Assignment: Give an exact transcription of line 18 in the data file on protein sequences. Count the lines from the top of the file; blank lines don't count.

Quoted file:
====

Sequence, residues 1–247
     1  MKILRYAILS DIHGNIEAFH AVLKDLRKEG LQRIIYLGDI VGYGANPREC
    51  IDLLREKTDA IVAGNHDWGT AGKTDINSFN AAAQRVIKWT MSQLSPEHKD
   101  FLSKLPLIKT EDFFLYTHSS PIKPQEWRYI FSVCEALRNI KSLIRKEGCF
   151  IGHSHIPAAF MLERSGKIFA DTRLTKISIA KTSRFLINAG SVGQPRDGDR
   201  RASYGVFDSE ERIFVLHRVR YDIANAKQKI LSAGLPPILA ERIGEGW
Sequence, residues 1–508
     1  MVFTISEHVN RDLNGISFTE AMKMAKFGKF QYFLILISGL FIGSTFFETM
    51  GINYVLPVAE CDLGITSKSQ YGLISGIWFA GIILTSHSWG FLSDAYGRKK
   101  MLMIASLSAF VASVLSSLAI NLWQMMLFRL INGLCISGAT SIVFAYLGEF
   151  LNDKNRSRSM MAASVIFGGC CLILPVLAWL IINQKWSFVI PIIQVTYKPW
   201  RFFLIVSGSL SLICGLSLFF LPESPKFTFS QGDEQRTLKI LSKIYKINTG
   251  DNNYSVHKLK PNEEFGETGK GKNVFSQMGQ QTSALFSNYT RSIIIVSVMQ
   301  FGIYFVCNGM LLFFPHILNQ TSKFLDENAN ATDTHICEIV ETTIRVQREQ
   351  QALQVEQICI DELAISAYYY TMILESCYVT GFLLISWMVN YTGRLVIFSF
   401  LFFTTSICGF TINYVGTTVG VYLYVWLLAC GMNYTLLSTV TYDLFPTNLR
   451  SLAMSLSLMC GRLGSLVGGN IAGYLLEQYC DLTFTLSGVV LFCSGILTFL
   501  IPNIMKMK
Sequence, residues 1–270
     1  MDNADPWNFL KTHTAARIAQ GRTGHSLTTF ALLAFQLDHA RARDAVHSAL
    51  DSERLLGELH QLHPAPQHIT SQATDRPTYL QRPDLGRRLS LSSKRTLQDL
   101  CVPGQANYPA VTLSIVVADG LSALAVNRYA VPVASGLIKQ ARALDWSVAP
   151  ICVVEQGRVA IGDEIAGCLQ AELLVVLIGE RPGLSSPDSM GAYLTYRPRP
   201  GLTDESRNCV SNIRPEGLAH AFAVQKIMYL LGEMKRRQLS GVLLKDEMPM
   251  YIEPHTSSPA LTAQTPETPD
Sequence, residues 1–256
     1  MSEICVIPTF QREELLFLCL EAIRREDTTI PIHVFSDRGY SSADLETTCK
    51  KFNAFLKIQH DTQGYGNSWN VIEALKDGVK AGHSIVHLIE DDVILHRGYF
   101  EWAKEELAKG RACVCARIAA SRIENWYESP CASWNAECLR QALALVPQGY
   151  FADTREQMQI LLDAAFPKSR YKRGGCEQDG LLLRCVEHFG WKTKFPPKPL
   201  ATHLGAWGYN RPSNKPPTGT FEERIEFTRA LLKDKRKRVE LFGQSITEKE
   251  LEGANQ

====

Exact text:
   501  IPNIMKMK